On a different occasion, another young man shared about a time when he and his fellow gang members were preparing for a retaliatory drive by shooting against another gang. I stopped him and asked, “what does the preparation look like; sitting around with drugs and alcohol, talking about who would drive, who would sit where, who would carry which weapons, etc.?” He said that was about right.

I pressed in on this and tried for figure out why a 15 or 16-year-old would be driven to put themselves into harm’s way such as that. What was the motivator?

We went back and forth and ended up at purpose. They did it because they saw it as an extension of the purposes of the gang. They didn’t care about school or work, just gang business along with street credibility and reputation. When a gang threatened them, it threatened the community which facilitated their purpose. Purpose is a legitimate need and this was a perverted fulfillment of that need.

They are no different from the rest of us, really. The contrast of their perverted attempts to fulfill legitimate needs is more glaring than many of us experience. At the core, however, we are the same. There are things we need and if we buy into lies that lead to illegitimate attempts to fulfill legitimate needs, we end up in some form of trouble.

We will enjoy the consequences or benefits of whichever path we pursue. Where we pursue legitimate fulfillment through the One that designed us with the legitimate needs, we will know the benefits of satisfaction. Where we take shortcuts or detours, we will have to deal with the consequences.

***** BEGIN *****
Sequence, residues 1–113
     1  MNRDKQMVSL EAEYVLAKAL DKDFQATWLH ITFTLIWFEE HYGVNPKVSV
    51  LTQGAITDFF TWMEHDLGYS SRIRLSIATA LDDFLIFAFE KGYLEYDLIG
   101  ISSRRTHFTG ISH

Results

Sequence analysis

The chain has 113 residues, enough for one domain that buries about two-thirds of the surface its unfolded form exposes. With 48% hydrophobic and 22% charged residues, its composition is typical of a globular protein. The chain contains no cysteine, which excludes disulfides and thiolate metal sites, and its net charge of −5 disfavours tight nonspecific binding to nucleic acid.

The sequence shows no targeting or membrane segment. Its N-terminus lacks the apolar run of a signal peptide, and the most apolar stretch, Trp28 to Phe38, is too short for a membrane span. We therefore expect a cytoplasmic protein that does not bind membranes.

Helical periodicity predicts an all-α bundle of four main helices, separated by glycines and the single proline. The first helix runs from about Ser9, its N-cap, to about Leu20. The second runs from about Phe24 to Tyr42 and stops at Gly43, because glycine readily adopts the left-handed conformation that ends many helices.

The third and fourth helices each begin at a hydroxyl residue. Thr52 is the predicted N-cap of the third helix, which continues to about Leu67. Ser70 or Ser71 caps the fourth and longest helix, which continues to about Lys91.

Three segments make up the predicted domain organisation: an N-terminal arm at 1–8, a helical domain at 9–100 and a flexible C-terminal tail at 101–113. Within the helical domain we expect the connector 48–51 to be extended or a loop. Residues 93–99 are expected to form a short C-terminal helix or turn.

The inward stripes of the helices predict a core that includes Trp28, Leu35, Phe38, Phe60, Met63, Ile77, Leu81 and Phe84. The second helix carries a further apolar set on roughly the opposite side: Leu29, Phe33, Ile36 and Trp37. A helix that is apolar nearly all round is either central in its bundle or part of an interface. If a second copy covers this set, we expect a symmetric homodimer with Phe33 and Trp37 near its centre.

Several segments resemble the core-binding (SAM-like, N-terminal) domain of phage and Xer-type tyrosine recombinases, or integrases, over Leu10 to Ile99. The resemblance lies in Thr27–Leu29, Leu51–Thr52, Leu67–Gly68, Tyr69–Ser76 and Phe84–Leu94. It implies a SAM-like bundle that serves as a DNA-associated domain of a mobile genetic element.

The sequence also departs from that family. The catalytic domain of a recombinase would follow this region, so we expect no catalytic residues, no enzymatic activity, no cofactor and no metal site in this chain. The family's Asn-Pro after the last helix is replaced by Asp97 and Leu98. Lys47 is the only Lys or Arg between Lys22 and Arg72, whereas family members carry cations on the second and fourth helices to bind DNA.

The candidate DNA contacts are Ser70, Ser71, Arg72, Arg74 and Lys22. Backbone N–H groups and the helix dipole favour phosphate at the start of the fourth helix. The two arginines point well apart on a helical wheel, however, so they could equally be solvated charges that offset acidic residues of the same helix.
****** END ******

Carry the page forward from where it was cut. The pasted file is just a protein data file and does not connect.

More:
Those young men were not serving life sentences and neither are we. Where we miss, we can change our minds. We don’t have to stay in the incarceration of our poor choices forever, but getting out of those internal prisons comes with the discipline of one day at a time. One day at a time, seeking Jesus where we have depended on our own form of gang to replace Him and His family.

God is Present Among Us

Like everyone, I have been working through various challenges that are practical in nature. There are real and present circumstances that require attention and that attention is tangible. The actions and reactions are manifest in and around people.

At the same time, I have been intently and purposefully drawing near to God. I went through a season where I felt a bit disconnected and lacking any intimacy with Him. The times of connection which I have been finding with Him as I pursue depth are rich and refreshing.

Recently, I noticed a collision of the practical and the private. The refreshment of intimate connection to the love of the Father played out in the practical decision-making process. Was I saw was the multiplication of His presence as the manifestation of His wisdom was displayed through community.

As I discussed a thought process and developing strategy with two people who serve as wise counsel and co-laborers, one of them offered, “when you first started talking about this, I believe God stirred in me, ‘not this week.'”